Carnegie church to host Narcan training
Amid the opioid epidemic, overdoses are occurring nearly everywhere — from inside the home to public spaces. It could be a family member, a friend or a stranger.
But what do you do when you come upon a person who has overdosed?
St. Elizabeth Ann Seton Catholic Church in Carnegie is attempting to take a proactive approach in fighting the opioid crisis by teaching community members just that.
“This can happen anywhere. If you can do something to save a life, why wouldn't you?” asked Jack Kobistek, a church member who serves as the recently elected magisterial district judge for the area. He previously served as Carnegie mayor.
Medical personnel will teach attendees at a Jan. 31 workshop in St. Luke Hall how to administer naloxone, an overdose-reversal drug, often referred to by its brand name Narcan, as well as how to keep a person's airway clear and what to do before first responders arrive.
The program was initiated after the Rev. Dave Poecking sought to provide outreach for families of people who are suffering from addiction and give them support, said Christine Sincic, who is helping to organize the training.
“Anyone who thinks they might be in a situation where someone might be in trouble and maybe they could help them should come,” she said.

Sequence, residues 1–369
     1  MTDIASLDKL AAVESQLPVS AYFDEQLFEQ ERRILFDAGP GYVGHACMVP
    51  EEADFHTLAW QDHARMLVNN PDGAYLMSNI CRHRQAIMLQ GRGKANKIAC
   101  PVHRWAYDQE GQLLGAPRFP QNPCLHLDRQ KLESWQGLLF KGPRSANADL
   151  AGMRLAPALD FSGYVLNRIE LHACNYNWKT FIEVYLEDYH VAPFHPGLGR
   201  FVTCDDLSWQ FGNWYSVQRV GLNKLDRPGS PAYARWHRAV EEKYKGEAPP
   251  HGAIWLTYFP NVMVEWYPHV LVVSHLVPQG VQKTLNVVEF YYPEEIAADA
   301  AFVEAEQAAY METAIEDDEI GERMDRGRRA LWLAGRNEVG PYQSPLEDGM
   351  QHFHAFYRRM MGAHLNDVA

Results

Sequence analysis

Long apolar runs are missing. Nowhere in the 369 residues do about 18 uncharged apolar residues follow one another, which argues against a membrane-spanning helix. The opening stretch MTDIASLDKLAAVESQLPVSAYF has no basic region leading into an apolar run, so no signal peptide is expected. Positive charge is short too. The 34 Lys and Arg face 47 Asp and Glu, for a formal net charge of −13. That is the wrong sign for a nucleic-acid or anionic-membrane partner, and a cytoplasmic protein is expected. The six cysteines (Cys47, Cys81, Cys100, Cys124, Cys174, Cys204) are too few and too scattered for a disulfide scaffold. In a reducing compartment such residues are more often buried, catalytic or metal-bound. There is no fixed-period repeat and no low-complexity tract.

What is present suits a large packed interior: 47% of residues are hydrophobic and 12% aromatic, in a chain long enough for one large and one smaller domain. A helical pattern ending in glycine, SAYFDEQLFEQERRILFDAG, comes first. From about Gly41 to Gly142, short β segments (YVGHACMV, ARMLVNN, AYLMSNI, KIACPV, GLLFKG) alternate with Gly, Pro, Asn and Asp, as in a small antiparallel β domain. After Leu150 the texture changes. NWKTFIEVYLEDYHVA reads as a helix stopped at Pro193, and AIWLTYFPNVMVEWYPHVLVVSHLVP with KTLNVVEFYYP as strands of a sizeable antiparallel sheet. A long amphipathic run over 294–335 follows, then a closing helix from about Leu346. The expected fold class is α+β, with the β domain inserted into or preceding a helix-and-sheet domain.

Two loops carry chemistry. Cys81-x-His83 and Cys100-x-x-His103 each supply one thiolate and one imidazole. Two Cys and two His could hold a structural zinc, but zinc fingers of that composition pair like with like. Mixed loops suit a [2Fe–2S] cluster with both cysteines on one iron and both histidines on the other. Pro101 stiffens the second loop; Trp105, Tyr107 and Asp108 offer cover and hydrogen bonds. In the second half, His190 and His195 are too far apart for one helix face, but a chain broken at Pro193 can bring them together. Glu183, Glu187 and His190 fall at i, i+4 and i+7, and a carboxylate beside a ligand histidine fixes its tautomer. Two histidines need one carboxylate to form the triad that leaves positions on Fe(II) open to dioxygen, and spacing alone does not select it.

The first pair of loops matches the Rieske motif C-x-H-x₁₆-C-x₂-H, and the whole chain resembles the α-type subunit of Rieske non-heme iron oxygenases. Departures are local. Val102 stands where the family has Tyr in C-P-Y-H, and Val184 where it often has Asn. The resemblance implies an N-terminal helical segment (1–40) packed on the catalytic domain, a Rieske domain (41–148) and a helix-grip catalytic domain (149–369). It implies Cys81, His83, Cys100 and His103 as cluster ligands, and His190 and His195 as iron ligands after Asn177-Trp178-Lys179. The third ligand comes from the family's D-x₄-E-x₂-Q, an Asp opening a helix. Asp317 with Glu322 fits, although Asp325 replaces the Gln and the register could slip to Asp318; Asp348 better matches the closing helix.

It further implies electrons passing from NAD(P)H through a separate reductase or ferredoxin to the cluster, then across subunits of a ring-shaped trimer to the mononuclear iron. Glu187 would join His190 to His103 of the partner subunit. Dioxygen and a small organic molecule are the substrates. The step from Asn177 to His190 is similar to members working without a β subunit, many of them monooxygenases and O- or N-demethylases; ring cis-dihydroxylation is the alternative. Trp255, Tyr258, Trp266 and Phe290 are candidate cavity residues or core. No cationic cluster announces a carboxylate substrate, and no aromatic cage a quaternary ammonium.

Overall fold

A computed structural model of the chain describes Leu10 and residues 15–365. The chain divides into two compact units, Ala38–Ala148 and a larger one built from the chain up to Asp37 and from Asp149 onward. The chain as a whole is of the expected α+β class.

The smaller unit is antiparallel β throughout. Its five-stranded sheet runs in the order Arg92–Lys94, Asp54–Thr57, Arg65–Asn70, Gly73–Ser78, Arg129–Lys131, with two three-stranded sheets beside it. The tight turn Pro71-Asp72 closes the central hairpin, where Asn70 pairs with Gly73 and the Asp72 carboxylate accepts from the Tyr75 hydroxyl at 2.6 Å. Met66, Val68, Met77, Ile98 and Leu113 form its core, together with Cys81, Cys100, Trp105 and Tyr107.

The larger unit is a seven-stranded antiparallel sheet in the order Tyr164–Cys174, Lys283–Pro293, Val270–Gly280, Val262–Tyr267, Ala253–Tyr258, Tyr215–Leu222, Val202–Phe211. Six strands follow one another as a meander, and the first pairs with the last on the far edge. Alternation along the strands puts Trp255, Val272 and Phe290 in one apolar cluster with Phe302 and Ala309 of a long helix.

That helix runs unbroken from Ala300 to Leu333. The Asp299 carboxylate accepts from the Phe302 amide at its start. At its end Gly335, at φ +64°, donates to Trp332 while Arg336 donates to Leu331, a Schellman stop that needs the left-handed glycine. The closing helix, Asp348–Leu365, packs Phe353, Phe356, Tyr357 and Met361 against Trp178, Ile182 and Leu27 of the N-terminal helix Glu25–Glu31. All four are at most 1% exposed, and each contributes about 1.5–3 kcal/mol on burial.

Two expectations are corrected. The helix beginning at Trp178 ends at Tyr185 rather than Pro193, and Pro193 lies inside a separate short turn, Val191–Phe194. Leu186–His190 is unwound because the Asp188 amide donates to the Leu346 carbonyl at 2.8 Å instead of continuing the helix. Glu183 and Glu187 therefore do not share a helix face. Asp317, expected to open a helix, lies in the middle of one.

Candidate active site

The parish already has a substance abuse ministry and this is another avenue for outreach, she said.
The training will teach people how to identify an overdose and allow people dealing with relatives or friends to connect with others in a similar situation.
“People have to be able to identify that is what they're dealing with,” she said.
Overdose deaths are on the rise across the nation. Pennsylvania Gov. Tom Wolf this month declared a statewide disaster emergency in response to the heroin and opioid epidemic.
In Carnegie, police officers who are equipped with Narcan administered the drug between one and two dozen times in 2017, said Kobistek, who served as the borough's longtime mayor until being sworn in as magistrate this year. Emergency services responders administer it more frequently, he said.
Kobistek said he plans to go through the training himself in case there's ever an overdose at the court when an officer isn't around.
“You never know. A lot of times, there aren't officers here,” he said. “We want people in the general public to know that you can be trained and administer Narcan to your loved ones who are overdosing.”
Stephanie Hacke is a Tribune-Review contributing writer.